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“We have enormous capacity to awaken hope in our world, contributing to the formation of men and women who are just, true global citizens, capable of generating dialogue and reconciliation among peoples and with creation.” (Fr. Sosa, JESEDU-Rio2017 n.64)

Many of us have read this quote before, either in isolation or in the context of the speech which Fr. General Arturo Sosa delivered at the International Congress for Education Delegates in Rio de Janeiro in 2017. Over the past few years, we have heard the term Global Citizenship being used more and more in the context of Jesuit Education. In 2017 Training for Global Citizenship was included as one of 12 actions the Education Delegates committed to at JESEDU-Rio2017, in 2019 the Secretariat Taskforce on Global Citizenship published an Ignatian Definition of Global Citizenship and in the same year the commitment to Global Citizenship was included as one of the 10 Global Identifiers in A Living Tradition which make a Jesuit school Jesuit. An important aspect of Global Citizenship which is intrinsically linked, and which is being recognized as another fundamental aspect of our Jesuit Education is that of Interculturality. Indeed, this too has been named as one of the 10 Global Identifiers of a Jesuit school today. As so many communities around the world are being torn apart by racial, ethnic, and religious tensions, the need to address these tensions, to engage in respectful intercultural dialogue and to see God in ourselves and in the other becomes evermore important.

“The intercultural aspect is undoubtedly part of the heritage of Christianity, which has a “universal” vocation. In fact, in the history of Christianity there is the thread of dialogue with the world, in the search for greater fraternity among people. In the tradition of the Church, the intercultural perspective is not limited to appreciating differences, but helps to build up mankind’s peaceful co-existence.” (Educating for Intercultural Dialogue in Catholic Schools, Vatican City, 2013)

This then poses the question how can we help to build and foster a peaceful coexistence?

“Education contains a central challenge for the future: to allow various cultural expressions to co-exist and to promote dialogue so as to foster a peaceful society. These aims are achieved in various stages: (1) discovering the multicultural nature of one’s own situation; (2) overcoming prejudices by living and working in harmony; and (3) educating oneself “by means of the other” to a global vision and a sense of citizenship. Fostering encounters between different people helps to create mutual understanding, although it ought not to mean a loss of one’s own identity. Schools have a great responsibility in this field, called as they are to develop intercultural dialogue in their pedagogical vision!” (Educating for Intercultural Dialogue in Catholic Schools, Vatican City, 2013)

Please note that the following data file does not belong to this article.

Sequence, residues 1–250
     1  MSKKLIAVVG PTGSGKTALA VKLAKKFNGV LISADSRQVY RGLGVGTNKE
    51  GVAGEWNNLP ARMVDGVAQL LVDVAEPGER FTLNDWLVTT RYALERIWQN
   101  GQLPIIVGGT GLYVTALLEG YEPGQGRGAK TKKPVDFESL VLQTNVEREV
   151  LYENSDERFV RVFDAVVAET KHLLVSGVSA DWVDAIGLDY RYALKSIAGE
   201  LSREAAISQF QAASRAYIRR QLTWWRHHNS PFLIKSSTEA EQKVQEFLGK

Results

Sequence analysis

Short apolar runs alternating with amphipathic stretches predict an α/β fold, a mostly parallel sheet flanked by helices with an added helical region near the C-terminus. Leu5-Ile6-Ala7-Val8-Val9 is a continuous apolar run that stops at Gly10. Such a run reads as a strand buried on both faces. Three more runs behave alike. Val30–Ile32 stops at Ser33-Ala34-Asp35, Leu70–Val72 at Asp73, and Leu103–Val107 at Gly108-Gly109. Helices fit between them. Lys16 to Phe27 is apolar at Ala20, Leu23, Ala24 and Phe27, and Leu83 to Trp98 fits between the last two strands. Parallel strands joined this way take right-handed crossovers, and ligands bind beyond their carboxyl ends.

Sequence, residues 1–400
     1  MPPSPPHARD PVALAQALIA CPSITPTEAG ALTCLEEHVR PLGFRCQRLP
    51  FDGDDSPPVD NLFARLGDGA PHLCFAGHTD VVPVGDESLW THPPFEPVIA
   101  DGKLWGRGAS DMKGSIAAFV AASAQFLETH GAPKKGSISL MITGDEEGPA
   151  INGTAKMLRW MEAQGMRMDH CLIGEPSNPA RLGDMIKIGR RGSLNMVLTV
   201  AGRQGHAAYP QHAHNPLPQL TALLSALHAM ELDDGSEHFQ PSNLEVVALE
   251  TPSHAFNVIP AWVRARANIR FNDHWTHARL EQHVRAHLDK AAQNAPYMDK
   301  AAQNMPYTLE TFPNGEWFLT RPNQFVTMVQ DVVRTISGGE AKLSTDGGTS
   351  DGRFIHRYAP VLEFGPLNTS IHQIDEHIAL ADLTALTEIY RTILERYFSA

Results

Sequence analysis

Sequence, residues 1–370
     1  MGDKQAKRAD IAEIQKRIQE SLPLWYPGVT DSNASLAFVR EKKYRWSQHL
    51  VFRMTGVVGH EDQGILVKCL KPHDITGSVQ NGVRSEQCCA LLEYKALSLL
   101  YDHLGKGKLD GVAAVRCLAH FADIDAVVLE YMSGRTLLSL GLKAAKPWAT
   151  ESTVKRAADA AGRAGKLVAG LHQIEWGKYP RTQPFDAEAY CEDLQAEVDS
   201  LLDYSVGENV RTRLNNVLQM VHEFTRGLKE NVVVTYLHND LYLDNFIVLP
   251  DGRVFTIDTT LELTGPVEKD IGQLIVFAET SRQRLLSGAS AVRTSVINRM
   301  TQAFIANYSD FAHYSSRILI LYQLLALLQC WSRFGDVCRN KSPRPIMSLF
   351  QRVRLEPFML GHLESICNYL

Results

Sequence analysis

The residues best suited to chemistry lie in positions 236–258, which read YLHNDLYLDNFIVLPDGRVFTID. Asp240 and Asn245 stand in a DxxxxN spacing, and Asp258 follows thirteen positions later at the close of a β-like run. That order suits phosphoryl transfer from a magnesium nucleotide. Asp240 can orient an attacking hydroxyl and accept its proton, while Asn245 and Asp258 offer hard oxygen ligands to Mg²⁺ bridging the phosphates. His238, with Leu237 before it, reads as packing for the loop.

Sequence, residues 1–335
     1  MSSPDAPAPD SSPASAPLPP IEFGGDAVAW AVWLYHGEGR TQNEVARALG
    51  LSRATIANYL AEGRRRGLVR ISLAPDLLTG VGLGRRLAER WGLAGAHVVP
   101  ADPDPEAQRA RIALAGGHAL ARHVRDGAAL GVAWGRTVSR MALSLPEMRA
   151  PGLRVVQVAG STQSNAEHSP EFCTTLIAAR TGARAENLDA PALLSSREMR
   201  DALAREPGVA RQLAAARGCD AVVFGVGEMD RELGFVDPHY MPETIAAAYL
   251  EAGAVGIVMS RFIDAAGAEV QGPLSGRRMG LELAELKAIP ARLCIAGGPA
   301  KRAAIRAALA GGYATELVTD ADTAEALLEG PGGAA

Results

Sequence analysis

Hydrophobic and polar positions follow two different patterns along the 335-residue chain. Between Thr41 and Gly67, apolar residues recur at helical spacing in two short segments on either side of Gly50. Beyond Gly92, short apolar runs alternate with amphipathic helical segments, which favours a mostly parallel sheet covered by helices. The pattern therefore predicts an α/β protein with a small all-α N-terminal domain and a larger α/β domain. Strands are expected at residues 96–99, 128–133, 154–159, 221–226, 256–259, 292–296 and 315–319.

With this in mind, how can we best help our students and indeed entire school communities to recognize and celebrate diversity, to overcome prejudices and to work together to build a global vision and sense of global citizenship? Are there programs or projects in your school which work towards this? Is this something you incorporate in your lessons? Do you think we should focus more on intercultural communication and education? What are the skills for intercultural communication you think we need to teach our students?

In November and December 2020, Educate Magis invited some teachers to initiate this reflection through participating in the Pilot of a new training program for teachers on Intercultural Communication. Throughout the sessions we moved from understanding our own identity, examining possible biases, misunderstandings, or stereotypes and how these might influence our interaction with others to looking at our identities as Jesuit schools or organizations, at the similarities and difference in schools across the world, the challenges we all face and how we can respond to these challenges in a meaningful way.

The interactive nature of the training sessions meant participants had the chance to practice the skills presented with their counterparts in other Jesuit schools across the world through deep and meaningful conversations. The core skills we practiced were those of Active Listening and Intentional Speaking using the model of Ignatian Spiritual Conversations.

We are preparing a new training module for later in 2021, of which we will share more information in the months to come. In the meantime, we would like to invite you to share what your understanding of Interculturality is? Should this topic be taught in our schools and why? Are there programs in your schools or lessons in your classrooms which already teach interculturality? and What are the skills for interculturality or intercultural communication you think we need to learn ourselves and teach our students? We would love to hear your thoughts on this! Share your thoughts here! Interculturality in Jesuit Schools – what is it and is it important?